Shears in hand, volunteers at the UW Farm took to the fields Sunday to prune parsley, harvest chard, and collect dill. The harvest celebrated the farm gaining approval to sell its produce to UW Housing & Food Services (HFS).
HFS finalized the decision last week after the UW Farm set up its charge account. Rae Moore, the coordinator of the farm’s Center for Urban Horticulture, said students could see UW Farm produce used by HFS in as little as two weeks. The total sales over a year are expected to amount to only about 1 to 1.5 percent of HFS’ $600,000 produce budget.
Nonetheless, this marks a milestone for the UW Farm’s volunteers.
“When I started helping out at the farm three years ago, a group of students were meeting every week at 7:30 a.m. to talk about how the farm could expand and reach more students,” said Julia Reed, the coordinator of the farm’s Botany Greenhouse. “It was a far-off dream at the time, and now it’s really happening, which feels so great.”
Although Moore said there is still paperwork the UW Farm needs to complete before the change is finalized, HFS members still share the excitement of the UW Farm volunteers.
HFS Executive Chef Gabe Kinney said the collaboration is an opportunity for HFS to use hyper-local, seasonal products that showcase the farmers who grow them.
“The minute you start picking [food], you lose flavor,” he said.
Kinney added that HFS hasn’t ordered any specific vegetables from the farm.
“They’re farmers,” he said. “They know what’s going to grow best for them and what’s going to give them a good yield. We’re leaving it open-ended so that they can come to us and say, ‘This is what we’re going to have harvesting this week.’”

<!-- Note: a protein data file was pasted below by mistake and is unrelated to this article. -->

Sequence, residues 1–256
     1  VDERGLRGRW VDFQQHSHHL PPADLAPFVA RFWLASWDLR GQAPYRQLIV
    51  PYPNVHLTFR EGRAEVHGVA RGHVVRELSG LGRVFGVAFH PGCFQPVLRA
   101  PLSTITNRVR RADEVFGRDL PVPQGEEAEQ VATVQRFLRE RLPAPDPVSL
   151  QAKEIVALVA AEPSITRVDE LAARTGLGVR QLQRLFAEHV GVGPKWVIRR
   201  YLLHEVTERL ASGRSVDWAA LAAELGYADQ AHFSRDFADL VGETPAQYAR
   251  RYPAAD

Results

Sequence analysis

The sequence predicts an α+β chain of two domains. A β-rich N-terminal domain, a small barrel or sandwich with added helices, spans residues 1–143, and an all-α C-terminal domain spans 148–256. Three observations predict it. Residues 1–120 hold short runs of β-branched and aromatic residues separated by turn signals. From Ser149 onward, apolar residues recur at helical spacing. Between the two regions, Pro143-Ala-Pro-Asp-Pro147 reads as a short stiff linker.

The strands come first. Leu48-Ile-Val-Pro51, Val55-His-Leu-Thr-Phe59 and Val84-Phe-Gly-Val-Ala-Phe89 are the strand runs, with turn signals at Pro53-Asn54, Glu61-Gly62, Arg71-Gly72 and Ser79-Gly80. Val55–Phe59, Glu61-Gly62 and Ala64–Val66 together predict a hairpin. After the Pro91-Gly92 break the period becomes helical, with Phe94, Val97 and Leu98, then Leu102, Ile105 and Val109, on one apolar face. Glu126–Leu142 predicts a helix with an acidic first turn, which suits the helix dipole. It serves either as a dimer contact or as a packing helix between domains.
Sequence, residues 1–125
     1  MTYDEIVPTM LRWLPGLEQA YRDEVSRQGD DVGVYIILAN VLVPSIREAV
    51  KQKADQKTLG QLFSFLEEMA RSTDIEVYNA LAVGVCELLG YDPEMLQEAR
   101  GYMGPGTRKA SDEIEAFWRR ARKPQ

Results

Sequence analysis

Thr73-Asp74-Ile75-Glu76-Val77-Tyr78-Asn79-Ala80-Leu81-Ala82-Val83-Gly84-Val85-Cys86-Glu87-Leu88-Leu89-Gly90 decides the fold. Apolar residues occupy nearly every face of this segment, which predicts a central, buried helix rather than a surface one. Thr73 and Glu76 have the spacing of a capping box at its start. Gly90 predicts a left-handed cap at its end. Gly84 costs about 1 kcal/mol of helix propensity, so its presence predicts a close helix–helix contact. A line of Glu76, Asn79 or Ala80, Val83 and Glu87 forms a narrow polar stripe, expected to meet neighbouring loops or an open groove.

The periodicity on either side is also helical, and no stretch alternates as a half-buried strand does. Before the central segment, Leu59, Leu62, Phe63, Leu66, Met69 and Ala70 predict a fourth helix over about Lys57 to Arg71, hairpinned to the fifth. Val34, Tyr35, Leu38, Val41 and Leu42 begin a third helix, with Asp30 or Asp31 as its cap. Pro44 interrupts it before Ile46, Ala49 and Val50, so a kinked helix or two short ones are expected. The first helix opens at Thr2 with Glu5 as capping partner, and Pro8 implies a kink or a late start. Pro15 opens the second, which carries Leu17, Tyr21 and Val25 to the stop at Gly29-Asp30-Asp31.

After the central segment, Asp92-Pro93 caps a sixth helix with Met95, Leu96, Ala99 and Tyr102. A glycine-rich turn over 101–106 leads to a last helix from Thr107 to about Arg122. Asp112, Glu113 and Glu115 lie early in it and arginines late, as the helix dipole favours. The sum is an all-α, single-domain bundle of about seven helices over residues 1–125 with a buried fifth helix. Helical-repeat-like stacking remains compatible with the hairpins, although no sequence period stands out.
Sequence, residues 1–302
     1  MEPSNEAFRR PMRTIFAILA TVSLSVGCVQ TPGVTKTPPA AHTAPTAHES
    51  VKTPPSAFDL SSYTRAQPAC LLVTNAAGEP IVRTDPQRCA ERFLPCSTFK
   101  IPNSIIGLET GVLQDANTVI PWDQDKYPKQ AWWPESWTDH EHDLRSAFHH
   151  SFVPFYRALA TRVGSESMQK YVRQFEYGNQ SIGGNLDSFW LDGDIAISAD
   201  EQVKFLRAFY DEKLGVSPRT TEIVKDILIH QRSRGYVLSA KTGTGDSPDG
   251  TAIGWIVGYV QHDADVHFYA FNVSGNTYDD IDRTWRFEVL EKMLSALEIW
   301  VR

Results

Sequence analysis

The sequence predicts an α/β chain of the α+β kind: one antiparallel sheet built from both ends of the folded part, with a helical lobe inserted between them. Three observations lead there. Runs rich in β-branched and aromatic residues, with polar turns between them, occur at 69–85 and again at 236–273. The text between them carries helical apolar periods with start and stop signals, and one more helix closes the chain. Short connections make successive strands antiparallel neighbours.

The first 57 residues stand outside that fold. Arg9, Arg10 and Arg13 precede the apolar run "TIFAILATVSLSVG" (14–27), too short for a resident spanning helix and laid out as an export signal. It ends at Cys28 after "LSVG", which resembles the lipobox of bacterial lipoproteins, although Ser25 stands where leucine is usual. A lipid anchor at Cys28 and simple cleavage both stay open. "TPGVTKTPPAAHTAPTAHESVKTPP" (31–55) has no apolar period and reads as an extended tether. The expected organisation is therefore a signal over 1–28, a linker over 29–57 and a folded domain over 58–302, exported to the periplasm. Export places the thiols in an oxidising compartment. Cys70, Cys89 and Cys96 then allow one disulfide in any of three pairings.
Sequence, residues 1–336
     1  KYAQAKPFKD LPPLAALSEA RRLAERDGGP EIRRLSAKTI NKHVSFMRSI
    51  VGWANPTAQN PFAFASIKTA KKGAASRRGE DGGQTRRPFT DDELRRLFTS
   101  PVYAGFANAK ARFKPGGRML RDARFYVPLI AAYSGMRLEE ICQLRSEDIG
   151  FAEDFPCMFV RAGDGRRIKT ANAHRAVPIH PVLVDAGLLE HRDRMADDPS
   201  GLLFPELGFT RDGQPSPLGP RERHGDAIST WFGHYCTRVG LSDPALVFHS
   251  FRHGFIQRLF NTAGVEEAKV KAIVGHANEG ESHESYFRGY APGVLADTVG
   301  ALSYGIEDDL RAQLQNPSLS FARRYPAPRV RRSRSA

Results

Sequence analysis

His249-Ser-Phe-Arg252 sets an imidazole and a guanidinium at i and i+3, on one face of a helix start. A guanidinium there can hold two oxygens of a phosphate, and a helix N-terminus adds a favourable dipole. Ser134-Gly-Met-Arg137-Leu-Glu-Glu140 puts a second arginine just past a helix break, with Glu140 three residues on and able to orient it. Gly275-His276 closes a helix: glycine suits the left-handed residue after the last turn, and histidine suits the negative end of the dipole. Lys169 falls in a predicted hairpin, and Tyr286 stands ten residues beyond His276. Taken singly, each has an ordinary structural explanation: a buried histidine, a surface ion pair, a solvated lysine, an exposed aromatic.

HFS will use this policy to create entrees that highlight the best features of the Farm’s produce. There will also be a section located in the District Market, which opens in August, dedicated to the Farm’s products.
UW Farm volunteers see this change as a step toward community development and thoughtful food consumption.
“I like the idea of UW students raising vegetables for UW students to consume via HFS,” said Douglas Ewing, manager of the farm’s Botany Greenhouse. “This is, to me, the only option for the farm aside from donating to food banks.”
Reed said one of the farm’s goals is to get students to think critically about how food systems work and what goes into the food they eat.
“The first step in inspiring people to think about food on a larger scale is to feed them great food,” she said. “So that’s what we’re trying to do for students at UW.”
Reach contributing reporter Sohrab Andaz at firstname.lastname@example.org. Twitter: @Sandaz9193
Please read our Comment policy.